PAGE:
Blue biotechnology and bio-nanotechnology now within reach of practical applications, highlights CIESM
17 November 2010, CIESM News

The CIESM Workshop on 'Marine biotechnology and bio-nanotechnology' brought together 40 leading research and industrial representatives from the marine and maritime sectors to explore commercial perspectives of these rapidly expanding areas of research and development. The meeting was supported by the MARCOM+ EU initiative and was held in Monaco on 11-12 November 2010, at Hotel ‘Le Méridien’.

‘This event was conceived to foster concrete dialogue among sectors with merging interest and propose incentives for science innovations in the application of products derived from marine resources’, said Prof. Frédéric Briand, Director General of CIESM who chaired the two-day event. ‘Our oceans represent a great, still underexplored potential for economic development. We are testing different methods to allow faster, hassle-free transfer of knowledge from early conception to commercial production and so build partnership platforms that will help European and Mediterranean industries take advantage of rapid advances in marine molecular biology basic theory and experimental research’.

The workshop drew business (maritime transport and biomedical sectors) and venture capital sectors’ attention, all interested in helping turn the results of latest research into real-world uses.

‘Over the next few decades, the maritime transport industry is expected to undergo a profound change towards ecologically compatible new options’ said Dr. Mario Dogliani, RINA (Italy), ‘what can better inspire manufacturing of eco-compatible, high performing Ships of Tomorrow than marine life?’  Researchers discussed various, exciting examples of successful lessons offered by nature, i.e. the recent discovery of a new pigment that allows a marine alga to use IR light, which reveals new perspectives towards clean energy. ‘The oceans exhibit a wide range of solutions for each specific requirement’ said Dr. Michail Yakimov, CNR of Messina (Italy), ‘they are even capable of self-cleaning after man-made catastrophic pollution events’. Dr. Yakimov owns many patents related to the use of marine highly specialized bacteria for bioremediation.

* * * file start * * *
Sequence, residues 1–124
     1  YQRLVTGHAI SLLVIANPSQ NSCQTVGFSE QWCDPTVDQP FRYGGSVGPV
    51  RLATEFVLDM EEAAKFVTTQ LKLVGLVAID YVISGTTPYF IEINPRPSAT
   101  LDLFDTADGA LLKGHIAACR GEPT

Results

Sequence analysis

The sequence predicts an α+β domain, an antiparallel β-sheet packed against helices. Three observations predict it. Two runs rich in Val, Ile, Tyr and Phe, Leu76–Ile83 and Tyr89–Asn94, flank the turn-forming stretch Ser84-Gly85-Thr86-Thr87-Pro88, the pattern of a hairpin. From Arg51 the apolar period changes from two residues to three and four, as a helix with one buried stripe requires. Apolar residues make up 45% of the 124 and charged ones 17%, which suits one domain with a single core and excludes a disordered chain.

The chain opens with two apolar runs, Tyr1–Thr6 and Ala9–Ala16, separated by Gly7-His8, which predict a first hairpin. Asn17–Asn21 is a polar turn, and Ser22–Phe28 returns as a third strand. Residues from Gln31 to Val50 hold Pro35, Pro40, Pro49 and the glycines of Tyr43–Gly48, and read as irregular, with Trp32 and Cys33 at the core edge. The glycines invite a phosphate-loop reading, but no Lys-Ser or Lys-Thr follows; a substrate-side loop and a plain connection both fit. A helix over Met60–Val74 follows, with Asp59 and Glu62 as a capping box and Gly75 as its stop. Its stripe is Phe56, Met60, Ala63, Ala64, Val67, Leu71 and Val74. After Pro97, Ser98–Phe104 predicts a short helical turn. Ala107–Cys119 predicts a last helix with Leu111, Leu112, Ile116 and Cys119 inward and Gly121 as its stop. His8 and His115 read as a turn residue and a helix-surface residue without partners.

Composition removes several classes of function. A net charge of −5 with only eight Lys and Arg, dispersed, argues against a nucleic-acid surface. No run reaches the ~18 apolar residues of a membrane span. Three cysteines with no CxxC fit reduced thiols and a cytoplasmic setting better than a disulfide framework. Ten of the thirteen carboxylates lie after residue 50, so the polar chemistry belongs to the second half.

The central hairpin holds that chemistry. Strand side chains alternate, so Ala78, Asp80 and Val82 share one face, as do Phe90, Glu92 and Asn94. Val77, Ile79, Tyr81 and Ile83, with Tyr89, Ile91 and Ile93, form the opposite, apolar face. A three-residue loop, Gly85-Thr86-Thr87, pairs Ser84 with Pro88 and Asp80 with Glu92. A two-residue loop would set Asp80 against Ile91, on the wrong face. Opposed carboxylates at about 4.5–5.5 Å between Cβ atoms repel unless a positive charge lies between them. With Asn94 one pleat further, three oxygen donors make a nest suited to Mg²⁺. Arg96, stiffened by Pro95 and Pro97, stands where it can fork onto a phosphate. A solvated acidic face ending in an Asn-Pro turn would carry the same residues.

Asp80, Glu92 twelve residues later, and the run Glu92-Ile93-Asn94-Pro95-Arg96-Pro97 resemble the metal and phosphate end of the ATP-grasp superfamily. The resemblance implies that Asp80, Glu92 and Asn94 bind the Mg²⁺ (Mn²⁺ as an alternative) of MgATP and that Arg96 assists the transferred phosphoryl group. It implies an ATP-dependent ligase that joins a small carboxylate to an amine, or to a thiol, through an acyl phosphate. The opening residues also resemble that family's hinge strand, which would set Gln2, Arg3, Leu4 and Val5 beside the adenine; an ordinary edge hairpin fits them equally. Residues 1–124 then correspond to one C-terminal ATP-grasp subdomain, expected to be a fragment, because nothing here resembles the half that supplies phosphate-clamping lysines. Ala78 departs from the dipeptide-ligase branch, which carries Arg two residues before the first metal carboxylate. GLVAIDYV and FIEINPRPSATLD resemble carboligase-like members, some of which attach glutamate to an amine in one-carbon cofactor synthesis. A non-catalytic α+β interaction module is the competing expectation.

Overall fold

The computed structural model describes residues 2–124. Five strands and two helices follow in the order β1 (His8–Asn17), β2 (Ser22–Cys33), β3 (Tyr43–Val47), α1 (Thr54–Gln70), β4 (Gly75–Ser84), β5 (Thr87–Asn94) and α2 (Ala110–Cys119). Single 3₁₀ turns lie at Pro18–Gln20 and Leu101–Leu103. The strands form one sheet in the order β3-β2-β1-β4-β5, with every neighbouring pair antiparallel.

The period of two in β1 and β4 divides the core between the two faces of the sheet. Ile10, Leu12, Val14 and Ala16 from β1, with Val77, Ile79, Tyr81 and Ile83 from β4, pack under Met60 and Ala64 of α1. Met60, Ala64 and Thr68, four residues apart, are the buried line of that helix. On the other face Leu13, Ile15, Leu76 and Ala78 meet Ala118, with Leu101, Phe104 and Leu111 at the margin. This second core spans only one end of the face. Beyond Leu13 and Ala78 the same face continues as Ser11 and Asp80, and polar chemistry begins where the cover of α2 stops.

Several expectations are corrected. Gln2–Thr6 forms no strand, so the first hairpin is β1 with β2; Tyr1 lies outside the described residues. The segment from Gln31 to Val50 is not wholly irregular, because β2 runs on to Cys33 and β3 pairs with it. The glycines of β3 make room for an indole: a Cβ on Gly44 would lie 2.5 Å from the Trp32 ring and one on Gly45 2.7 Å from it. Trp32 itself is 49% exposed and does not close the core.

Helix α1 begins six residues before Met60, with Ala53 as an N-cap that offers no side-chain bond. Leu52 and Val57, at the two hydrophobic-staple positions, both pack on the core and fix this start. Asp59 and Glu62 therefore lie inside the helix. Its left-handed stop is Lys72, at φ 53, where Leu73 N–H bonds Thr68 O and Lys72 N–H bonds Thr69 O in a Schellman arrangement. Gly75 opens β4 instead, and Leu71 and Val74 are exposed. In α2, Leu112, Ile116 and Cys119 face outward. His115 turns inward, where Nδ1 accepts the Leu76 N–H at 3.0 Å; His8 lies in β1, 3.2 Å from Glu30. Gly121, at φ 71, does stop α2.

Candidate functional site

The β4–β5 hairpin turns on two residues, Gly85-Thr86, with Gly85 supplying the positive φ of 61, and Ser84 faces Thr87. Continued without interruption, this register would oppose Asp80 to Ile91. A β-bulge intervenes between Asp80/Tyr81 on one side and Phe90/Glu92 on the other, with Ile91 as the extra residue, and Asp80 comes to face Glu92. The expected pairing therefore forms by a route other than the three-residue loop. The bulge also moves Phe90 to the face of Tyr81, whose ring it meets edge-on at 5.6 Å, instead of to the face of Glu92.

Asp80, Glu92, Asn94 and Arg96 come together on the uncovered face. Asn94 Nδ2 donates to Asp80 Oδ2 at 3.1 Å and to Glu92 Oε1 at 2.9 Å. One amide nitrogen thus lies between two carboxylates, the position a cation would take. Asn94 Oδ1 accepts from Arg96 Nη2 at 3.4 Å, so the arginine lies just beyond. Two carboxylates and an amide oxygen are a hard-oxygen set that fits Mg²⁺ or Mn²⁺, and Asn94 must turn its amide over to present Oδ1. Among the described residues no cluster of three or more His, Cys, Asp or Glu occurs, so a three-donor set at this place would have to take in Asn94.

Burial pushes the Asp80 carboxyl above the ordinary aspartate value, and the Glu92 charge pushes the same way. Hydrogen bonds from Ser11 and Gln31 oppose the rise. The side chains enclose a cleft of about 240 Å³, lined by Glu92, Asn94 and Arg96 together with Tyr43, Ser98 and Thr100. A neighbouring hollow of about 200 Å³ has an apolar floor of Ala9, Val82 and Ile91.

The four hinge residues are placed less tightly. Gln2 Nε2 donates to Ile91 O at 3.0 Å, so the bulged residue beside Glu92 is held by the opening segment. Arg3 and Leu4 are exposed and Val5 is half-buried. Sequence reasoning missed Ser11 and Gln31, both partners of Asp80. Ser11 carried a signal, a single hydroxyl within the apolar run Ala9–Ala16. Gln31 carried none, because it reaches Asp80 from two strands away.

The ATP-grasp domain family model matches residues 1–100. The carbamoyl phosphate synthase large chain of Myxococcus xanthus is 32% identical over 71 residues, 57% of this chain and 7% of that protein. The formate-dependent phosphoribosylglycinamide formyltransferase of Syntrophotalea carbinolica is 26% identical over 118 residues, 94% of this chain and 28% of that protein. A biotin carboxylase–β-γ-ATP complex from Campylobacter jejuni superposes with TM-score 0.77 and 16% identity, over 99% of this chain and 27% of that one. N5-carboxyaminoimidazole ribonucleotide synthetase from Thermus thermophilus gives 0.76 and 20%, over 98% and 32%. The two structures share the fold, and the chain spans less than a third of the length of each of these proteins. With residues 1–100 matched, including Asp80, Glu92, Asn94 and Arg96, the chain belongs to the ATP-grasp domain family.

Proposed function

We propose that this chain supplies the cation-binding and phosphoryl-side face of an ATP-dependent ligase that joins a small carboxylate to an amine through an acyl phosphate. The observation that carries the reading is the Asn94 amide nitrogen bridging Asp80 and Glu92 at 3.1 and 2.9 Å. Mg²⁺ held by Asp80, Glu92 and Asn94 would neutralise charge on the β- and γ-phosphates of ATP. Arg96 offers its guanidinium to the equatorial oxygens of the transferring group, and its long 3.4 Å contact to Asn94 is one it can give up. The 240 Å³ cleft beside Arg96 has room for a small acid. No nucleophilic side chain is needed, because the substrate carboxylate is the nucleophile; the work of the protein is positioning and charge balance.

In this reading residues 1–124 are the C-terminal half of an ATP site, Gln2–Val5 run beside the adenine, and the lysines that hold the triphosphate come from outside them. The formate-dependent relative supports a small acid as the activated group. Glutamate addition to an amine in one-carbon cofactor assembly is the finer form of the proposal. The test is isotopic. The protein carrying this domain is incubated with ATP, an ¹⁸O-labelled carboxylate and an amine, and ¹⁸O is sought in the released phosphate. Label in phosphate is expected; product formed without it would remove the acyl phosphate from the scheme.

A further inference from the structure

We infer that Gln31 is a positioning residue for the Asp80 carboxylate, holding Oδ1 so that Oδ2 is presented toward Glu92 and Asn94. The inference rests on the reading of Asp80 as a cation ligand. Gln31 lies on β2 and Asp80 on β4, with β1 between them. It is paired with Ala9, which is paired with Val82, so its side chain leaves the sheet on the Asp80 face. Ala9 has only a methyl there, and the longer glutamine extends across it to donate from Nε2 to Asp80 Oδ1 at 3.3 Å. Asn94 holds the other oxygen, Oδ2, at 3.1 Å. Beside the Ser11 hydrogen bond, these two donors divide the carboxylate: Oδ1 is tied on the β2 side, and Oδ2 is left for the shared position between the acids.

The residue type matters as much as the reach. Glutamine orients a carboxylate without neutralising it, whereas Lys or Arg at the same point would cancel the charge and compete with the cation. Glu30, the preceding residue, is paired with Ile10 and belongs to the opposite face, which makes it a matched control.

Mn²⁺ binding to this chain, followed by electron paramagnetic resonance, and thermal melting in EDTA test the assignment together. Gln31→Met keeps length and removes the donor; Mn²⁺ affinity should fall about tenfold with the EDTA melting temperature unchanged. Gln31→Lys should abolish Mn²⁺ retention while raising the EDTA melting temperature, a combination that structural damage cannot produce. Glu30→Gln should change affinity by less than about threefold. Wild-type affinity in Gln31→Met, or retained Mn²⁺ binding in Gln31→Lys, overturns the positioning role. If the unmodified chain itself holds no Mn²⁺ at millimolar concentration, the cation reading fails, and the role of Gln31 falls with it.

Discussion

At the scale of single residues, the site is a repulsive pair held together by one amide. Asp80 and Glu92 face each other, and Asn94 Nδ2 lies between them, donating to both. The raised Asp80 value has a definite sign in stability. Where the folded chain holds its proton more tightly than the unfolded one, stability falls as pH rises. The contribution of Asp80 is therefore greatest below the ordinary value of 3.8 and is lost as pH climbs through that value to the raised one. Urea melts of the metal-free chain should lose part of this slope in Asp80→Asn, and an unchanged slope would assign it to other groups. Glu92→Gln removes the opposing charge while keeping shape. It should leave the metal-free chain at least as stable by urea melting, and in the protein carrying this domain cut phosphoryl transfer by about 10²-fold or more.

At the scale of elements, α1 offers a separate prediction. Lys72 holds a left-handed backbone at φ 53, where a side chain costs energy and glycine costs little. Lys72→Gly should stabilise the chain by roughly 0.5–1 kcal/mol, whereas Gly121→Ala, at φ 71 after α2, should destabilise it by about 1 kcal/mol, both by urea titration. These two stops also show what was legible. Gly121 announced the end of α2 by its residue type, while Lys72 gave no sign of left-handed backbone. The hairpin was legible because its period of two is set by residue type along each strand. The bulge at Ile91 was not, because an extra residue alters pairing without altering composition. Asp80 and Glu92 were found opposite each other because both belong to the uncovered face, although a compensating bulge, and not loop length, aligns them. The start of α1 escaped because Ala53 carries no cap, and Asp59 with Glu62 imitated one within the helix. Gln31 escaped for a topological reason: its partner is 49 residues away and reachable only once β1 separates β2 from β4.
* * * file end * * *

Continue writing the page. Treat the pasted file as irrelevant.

Discussions did target as well the vast jellyfish potential for commercial exploitation. ‘We faced this problem years ago as jellyfish products are great seafood alternatives in Eastern Countries’, said Dr. Valentina Bazilevich, Univ. Vladivostok (Russia). Nevertheless, jellyfish processing and utilization techniques are still at the stage of traditional manual processing everywhere. This was further demonstrated in a video of Japanese fishermen collecting giant jellies made by Dr. Kiminori Ushida, RIKEN (Japan), who has optimized methods to extract collagen from the jellies.

‘Oceans may also harbor amazing potential for facing great pharmaceutical challenges such as the search for new adjuvant and immune-enhancing compounds which can help to advancing with vaccines’ said Dr. Immaculada Margarit Y Ros, from Novartis Vaccines and Diagnostics Division who contributed many ideas to the round table sessions side by side with Dr. Roland Wohlgemuth, of Sigma-Aldrich Co. (Switzerland).

The workshop roundtable sessions highlighted the need to develop new legal tools, or adapt legal instruments that have proven successful elsewhere (in locations such as Japan, Israel, California) to stimulate innovative ventures between academia and business. ‘I was an engineer and then became fascinated by this subject, prone to a rapid development’ said Dr. Tom Dedeurweardere, Univ. Leuven (Belgium), ‘one can hardly imagine such an accelerating (bio-, nano-) technological revolution without adequate support by new policy tools’. The latter sector is of particular importance to CIESM as the Commission actively promotes fair access to marine resources with equitable sharing of benefits derived from commercial products ultimately resulting from blue-biotechnology.


Further info:

CIESM, the Mediterranean Science Commission, is supported by 23 Member Governments to promote international research in the Mediterranean and Black Seas. The Commission covers a broad spectrum of marine disciplines, relying on a pool of vast human resources: over 4,000 marine scientists from some 550 research institutes in more than 30 countries. On this basis, CIESM produces authoritative, impartial reports on the status and trends of Mediterranean marine systems, together with sharp recommendations on priorities for action, research and development on a large range of sensitive issues concerning the whole Mediterranean Basin.

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